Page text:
— a field of statistical observation selected bearing in mind the weaknesses defined elsewhere;
— a suitablel framework;
— one or more statistical sources (already available or still to be created).
The system of observation described in the present volume represents — in terms of method — a
distillation of the thought that has gone into this subject over a lengthy period. More than three
years were needed to work out a rough draft, which was in turn gradually refined over the follow­
ing years. This long time-lag reflects the difficulties of the task undertaken and the importance
which the working party attaches to its successful completion.
.. .isa new field of statistical observation...
7. Right from the start, the question of the field of statistical observation was regarded as of prime
importance. The most serious criticism of the existing aggregate figures (referred to above) was
that they were incomplete:
— social security statisticians do not normally deal with expenditure on social assistance or direct
benefits granted by undertakings; nor do they cover private systems ofl insurance;
— accounting experts in public administration analyse social measures only from the point of view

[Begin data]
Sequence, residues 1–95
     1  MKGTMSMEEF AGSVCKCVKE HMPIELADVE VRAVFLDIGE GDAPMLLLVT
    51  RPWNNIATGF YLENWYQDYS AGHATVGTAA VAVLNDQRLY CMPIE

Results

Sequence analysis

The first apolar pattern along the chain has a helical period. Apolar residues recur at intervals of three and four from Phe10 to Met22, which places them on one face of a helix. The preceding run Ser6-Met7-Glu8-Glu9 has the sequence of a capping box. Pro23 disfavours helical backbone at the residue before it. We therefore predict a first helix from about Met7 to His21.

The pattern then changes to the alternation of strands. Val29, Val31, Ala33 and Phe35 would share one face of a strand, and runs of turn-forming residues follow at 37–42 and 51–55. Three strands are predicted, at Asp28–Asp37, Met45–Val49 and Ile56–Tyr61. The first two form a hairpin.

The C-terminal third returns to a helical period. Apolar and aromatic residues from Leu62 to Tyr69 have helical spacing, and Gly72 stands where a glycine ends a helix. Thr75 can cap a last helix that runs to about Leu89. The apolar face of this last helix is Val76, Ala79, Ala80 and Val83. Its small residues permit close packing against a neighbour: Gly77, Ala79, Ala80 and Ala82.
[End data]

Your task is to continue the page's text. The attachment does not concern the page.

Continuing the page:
of public expenditure; private insurance or assistance systems are taken into consideration only
in terms of their relationships with the public sector;
— although national accounting experts may record all social benefits and cover the entire field of
social expenditure, the institutional perspective and the economic classification adopted are
such that they cannot present in their accounts a comprehensive view of this expenditure, view­
ed in isolation.
8. The ILO had realized these shortcomings when it came to draw up its study on 'the cost of social
security'. For this reason, every one of its surveys covered a much wider field of statistical observa­
tion than was accounted for by the national social security concepts, narrowly interpreted. For the
Member States of the Community, in the face of an equally complex situation which had not really
been clarified by the various attempts made so far to describe it, the SOEC proposed a solution
which was both new and fully up to date. Under the circumstances, the situational differences had
to be toned down, and as the priority given hitherto to administrative, legal or institutional criteria
had not proved satisfactory, it was deemed opportune to treat these criteria as of secondary im­
portance and to try a different tack.
9. Both substantively and formally, the statistics used hitherto have always reflected the distinction in
terms of usage (and legislation) between 'economic' and 'social' elements, or rather what was bas­
ed traditionally on 'social security legislation' and 'labour legislation'. One particularly striking exam­
ple of this is the ambiguity inherent in the word 'pay'. If it is generally agreed that the daily or
1 Deletion of paid leave, general inclusion of occupational accident insurance schemes, etc.